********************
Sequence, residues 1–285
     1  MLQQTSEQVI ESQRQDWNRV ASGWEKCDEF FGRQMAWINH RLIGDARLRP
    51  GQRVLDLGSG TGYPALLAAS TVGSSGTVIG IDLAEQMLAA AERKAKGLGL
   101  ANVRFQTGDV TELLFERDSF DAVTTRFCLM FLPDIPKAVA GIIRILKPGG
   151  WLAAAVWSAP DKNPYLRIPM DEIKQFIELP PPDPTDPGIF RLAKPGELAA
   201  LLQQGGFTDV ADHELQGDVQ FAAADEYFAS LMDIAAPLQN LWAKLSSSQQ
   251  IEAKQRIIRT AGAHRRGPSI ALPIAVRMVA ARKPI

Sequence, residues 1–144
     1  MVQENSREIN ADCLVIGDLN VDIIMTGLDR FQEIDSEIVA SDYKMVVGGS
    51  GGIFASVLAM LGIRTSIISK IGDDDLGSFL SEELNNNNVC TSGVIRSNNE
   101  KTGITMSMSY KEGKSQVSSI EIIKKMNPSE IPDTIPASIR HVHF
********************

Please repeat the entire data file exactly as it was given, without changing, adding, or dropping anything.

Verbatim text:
Sequence, residues 1–285
     1  MLQQTSEQVI ESQRQDWNRV ASGWEKCDEF FGRQMAWINH RLIGDARLRP
    51  GQRVLDLGSG TGYPALLAAS TVGSSGTVIG IDLAEQMLAA AERKAKGLGL
   101  ANVRFQTGDV TELLFERDSF DAVTTRFCLM FLPDIPKAVA GIIRILKPGG
   151  WLAAAVWSAP DKNPYLRIPM DEIKQFIELP PPDPTDPGIF RLAKPGELAA
   201  LLQQGGFTDV ADHELQGDVQ FAAADEYFAS LMDIAAPLQN LWAKLSSSQQ
   251  IEAKQRIIRT AGAHRRGPSI ALPIAVRMVA ARKPI

Sequence, residues 1–144
     1  MVQENSREIN ADCLVIGDLN VDIIMTGLDR FQEIDSEIVA SDYKMVVGGS
    51  GGIFASVLAM LGIRTSIISK IGDDDLGSFL SEELNNNNVC TSGVIRSNNE
   101  KTGITMSMSY KEGKSQVSSI EIIKKMNPSE IPDTIPASIR HVHF